"I know it was seen as somewhat inappropriate, but it really was the only opportunity we had to raise the issue," says Nutter. "We got no substantive answers to our legitimate questions, mainly, who wrote the legislation, who benefits from it and why are the rule changes necessary in the first place."
Nutter, who says he never even saw a copy of Clarke's resolution, was equally upset at the attitudes of his colleagues who supported the rule changes. It's not just the fact that Verna is getting shafted here that steams Nutter and the loyal opposition, it's that the changes were adopted in closed-door meetings where neither taxpayers, nor the questions from the opposition, were welcome.
"It's an internal operation, but the public needs to be educated about these rule changes," says Tasco, who spoke up during the inauguration dustup to decry the rule changes as having nothing to do with democracy and everything to do with politics. "There were no public hearings, and there should have been, because the public will be affected."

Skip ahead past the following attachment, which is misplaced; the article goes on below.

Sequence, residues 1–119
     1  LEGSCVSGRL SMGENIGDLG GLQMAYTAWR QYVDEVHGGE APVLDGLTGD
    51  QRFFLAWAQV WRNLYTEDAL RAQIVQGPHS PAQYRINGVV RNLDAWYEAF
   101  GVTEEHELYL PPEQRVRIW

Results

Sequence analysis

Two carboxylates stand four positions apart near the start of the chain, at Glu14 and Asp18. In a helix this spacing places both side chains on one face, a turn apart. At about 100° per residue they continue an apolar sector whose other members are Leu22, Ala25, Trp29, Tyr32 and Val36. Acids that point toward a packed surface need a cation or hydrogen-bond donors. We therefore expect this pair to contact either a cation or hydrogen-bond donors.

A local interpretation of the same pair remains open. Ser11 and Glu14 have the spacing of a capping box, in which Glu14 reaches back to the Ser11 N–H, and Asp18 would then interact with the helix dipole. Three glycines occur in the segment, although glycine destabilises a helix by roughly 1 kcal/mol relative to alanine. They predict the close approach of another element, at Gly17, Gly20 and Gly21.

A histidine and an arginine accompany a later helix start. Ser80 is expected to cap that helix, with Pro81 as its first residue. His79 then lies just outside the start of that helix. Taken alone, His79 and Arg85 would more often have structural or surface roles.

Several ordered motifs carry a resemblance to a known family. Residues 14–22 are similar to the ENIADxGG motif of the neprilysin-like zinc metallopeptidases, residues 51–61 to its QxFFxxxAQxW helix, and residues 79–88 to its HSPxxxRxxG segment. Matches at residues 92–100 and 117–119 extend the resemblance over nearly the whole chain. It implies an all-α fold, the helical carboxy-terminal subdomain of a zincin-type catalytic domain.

Tasco says that the rule changes will almost certainly slow down the legislative process, since the Council president no longer has the power to automatically assign bills to the appropriate committees.
"It determines the nature of political debate," Tasco grumbles, "because now your bill, no matter how worthy it is, may never see the light of day. My predatory lending bill, which nobody denies will benefit the poor, may never have gotten out of committee if these rules were in place last year. The committees are stacked against public debate."
Both Tasco and Nutter say they tried repeatedly to get Verna's 11 Council opponents to explain why the rule changes were necessary at all, and why now. Their inquiries, they say, fell on deaf ears.
"They were nonresponsive," Nutter complains. "Even after they were forced to acknowledge that there were problems with the bill, they still didn't feel the need to answer any questions. It was like, "We already have the 11 votes, so deal with it.'"